A mandala is a geometric configuration of symbols. In various spiritual traditions, mandalas may be employed for focusing attention of practitioners and adepts, as a spiritual guidance tool, for establishing a sacred space and as an aid to meditation and trance induction. In the Eastern religions of Hinduism, Buddhism, Jainism and Shintoism it is used as a map representing deities, or specially in the case of Shintoism, paradises, kami or actual shrines.
Brief history of Mandalas - Siddhartha Gautama (Buddha), the founder of Buddhism, was born in the region now known as Nepal. Though there is no confirmed date of his birth, historians believe it to be around 560 B.C. It is understood that Gautama left his kingdom after becoming aware of human suffering, where he sought to attain enlightenment through meditation and thoughtful action. He began to preach his philosophy across parts of India, where he gained devout followers and eventually established the first sangha, Buddhist community of monks.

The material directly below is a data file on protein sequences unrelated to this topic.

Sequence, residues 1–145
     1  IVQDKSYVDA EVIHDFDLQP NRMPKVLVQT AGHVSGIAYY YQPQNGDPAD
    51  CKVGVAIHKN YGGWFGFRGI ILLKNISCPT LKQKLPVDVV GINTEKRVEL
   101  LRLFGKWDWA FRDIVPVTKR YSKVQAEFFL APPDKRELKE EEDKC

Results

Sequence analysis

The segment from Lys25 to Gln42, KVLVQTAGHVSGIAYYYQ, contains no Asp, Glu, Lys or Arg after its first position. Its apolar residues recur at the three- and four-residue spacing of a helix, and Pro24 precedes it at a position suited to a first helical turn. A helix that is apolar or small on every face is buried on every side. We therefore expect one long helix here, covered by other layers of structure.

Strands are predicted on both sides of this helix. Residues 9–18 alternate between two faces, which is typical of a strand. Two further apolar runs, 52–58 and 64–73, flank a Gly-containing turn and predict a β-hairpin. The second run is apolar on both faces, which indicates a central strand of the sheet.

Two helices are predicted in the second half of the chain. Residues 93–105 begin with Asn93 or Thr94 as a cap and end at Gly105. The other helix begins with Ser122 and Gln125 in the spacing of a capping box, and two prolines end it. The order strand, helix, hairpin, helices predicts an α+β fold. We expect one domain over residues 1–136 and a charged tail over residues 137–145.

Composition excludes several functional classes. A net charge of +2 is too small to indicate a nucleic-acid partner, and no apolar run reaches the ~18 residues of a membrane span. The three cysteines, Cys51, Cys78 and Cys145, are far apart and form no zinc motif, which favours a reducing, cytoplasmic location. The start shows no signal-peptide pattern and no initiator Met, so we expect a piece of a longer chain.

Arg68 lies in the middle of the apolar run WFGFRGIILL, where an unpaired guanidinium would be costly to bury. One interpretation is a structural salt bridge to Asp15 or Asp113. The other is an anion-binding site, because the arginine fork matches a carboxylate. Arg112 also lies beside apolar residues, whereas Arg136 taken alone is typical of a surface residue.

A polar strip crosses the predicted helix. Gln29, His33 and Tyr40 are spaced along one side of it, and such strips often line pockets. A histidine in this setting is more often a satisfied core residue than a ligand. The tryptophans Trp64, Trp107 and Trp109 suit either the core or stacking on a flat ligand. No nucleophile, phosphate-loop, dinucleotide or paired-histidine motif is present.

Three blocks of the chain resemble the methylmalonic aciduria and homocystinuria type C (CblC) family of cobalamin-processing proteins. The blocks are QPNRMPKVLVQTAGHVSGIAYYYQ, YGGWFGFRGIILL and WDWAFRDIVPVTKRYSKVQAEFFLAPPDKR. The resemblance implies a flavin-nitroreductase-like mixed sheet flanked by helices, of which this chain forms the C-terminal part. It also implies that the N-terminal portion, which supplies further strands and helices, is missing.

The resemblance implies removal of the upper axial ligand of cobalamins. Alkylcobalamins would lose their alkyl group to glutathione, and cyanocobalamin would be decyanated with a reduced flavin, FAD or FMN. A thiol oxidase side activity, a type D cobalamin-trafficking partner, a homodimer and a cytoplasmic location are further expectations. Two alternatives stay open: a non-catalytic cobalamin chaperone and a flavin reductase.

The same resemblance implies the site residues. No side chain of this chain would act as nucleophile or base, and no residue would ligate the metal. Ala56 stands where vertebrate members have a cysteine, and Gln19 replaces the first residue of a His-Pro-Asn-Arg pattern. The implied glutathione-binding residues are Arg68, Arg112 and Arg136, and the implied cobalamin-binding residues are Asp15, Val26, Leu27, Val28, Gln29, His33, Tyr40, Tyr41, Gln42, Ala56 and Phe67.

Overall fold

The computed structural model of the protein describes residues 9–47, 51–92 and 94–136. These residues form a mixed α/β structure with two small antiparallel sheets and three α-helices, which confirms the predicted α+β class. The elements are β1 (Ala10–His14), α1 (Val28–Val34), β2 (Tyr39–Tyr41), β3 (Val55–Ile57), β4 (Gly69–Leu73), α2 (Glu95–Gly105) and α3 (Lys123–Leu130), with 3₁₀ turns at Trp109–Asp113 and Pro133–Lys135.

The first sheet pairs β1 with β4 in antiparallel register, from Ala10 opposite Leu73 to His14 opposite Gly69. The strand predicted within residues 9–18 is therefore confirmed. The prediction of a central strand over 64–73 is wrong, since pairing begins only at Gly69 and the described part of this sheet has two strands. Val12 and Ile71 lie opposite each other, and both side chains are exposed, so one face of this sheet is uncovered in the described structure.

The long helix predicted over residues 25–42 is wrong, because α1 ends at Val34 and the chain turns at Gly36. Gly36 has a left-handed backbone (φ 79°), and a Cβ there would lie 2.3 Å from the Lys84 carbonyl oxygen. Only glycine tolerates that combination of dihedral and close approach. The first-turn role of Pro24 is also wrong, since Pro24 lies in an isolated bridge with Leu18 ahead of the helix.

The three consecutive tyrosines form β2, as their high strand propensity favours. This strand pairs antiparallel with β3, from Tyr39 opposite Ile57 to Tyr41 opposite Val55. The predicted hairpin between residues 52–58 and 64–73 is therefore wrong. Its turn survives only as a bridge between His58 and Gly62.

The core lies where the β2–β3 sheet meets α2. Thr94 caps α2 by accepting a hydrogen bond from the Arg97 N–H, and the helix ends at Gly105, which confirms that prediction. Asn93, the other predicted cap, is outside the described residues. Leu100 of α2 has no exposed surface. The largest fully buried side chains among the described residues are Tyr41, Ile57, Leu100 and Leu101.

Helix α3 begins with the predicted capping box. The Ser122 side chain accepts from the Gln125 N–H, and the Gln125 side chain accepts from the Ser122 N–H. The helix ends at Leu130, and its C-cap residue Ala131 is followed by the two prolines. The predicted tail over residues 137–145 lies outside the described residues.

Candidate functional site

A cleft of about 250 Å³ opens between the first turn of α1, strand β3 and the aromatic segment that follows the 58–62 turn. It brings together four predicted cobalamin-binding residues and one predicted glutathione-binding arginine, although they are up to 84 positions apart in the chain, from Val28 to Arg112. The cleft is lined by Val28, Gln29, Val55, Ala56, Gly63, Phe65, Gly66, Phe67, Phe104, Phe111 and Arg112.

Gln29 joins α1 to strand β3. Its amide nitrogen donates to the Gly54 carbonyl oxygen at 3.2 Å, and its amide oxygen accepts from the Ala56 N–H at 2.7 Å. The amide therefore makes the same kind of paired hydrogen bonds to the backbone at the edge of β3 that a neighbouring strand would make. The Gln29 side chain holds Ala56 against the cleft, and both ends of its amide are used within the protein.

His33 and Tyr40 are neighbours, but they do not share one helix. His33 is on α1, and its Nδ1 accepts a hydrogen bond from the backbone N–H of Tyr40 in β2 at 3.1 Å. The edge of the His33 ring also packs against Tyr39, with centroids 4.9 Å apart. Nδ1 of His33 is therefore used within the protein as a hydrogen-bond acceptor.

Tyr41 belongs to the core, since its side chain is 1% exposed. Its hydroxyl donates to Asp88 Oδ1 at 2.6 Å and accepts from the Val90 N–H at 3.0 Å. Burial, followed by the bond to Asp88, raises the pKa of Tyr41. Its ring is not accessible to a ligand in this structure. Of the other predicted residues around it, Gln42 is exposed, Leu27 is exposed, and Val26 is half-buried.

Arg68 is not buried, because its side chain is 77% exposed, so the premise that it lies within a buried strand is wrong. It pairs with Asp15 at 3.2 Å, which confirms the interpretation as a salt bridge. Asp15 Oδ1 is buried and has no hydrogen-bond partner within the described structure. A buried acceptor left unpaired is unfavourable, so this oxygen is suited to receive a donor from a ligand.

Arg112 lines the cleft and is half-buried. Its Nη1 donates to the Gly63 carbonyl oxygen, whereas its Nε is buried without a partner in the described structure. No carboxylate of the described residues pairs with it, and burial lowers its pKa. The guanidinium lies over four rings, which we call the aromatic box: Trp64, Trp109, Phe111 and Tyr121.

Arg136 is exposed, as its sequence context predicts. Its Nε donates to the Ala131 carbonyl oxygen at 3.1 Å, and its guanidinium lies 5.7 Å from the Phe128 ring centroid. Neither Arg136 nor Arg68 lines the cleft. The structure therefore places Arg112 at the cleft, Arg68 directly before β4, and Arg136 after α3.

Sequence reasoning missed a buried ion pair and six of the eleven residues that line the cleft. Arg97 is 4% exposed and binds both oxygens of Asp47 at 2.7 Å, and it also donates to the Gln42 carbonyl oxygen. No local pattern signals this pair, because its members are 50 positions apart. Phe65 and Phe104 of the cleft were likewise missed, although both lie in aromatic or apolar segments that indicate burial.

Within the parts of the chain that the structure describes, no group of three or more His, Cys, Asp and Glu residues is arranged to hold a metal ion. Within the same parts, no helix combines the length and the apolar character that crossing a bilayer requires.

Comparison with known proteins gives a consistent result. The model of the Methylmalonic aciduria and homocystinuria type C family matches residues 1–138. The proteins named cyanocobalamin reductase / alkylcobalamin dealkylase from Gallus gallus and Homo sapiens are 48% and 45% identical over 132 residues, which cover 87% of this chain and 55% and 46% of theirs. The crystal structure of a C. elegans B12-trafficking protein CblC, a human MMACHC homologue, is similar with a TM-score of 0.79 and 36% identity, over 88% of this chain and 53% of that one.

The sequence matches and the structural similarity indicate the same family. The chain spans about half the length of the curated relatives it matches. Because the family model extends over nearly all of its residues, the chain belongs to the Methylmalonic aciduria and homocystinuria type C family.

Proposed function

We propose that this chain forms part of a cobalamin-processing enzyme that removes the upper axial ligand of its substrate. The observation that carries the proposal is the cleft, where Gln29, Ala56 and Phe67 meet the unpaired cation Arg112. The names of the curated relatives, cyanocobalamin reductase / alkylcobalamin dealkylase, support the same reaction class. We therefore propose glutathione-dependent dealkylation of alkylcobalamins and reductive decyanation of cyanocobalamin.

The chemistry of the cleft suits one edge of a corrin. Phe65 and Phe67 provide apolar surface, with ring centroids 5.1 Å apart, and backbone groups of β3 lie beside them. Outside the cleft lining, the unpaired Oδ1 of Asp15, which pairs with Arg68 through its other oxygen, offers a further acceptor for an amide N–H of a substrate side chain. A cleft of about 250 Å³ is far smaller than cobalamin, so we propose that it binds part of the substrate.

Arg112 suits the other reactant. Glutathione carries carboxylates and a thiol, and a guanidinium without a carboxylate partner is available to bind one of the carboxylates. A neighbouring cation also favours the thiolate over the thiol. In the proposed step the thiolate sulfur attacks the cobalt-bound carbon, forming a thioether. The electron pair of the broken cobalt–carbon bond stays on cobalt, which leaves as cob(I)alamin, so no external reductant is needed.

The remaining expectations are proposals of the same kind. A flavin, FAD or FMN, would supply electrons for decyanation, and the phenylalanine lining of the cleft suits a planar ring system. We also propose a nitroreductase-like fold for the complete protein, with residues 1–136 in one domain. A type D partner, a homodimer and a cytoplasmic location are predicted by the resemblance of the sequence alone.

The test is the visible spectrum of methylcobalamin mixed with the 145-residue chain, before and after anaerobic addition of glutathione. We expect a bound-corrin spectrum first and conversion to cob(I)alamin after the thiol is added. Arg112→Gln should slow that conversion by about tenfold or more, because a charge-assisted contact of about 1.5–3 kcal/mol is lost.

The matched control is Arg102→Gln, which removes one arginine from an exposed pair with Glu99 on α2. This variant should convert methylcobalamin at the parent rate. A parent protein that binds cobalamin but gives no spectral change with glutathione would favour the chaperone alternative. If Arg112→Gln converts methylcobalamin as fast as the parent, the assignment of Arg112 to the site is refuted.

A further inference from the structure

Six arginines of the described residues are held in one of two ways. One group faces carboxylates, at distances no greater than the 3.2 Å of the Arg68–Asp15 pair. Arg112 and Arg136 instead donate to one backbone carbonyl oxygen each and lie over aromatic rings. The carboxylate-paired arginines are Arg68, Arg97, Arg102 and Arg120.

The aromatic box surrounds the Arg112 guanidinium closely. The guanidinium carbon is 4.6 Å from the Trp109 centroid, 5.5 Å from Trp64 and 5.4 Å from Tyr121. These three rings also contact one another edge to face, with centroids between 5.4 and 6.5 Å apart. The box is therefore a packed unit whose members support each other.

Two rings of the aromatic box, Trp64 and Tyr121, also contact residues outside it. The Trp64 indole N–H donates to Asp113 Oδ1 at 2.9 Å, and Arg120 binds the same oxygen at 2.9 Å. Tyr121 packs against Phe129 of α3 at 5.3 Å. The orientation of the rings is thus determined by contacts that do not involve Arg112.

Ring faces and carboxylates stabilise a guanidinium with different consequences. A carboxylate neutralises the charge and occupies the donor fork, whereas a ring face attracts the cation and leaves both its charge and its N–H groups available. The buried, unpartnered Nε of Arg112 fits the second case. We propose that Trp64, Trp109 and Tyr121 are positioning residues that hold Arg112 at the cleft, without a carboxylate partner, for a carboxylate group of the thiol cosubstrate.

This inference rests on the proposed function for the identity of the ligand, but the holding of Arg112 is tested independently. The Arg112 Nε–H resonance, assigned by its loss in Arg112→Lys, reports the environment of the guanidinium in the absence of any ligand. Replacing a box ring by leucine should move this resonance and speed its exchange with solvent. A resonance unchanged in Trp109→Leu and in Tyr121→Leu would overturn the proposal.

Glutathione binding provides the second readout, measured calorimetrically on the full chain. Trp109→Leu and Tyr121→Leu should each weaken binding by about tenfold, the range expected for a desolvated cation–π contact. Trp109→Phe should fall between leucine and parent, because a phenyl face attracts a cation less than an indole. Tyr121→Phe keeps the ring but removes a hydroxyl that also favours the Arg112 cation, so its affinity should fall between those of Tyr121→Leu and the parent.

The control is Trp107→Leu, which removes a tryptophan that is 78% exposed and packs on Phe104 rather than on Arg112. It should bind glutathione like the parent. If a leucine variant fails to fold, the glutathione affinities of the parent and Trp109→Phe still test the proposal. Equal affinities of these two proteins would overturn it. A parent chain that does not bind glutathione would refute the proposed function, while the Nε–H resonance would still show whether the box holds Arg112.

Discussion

As these Buddhist monks travelled the Silk Road, an ancient network of trade routes that connected the East and West, they brought Buddhism to other lands. They carried mandalas with them and brought the practice of painting these spiritual compositions to other parts of Asia, appearing in regions such as Tibet, China, and Japan by the 4th century. Though rooted in Buddhism, mandalas soon became present in Hinduism and other religious practices. Painters of the spiritual craft were often pious laymen, who were commissioned by a patron. They worked seated on the floor with a painting propped in their laps or in front of their crossed legs.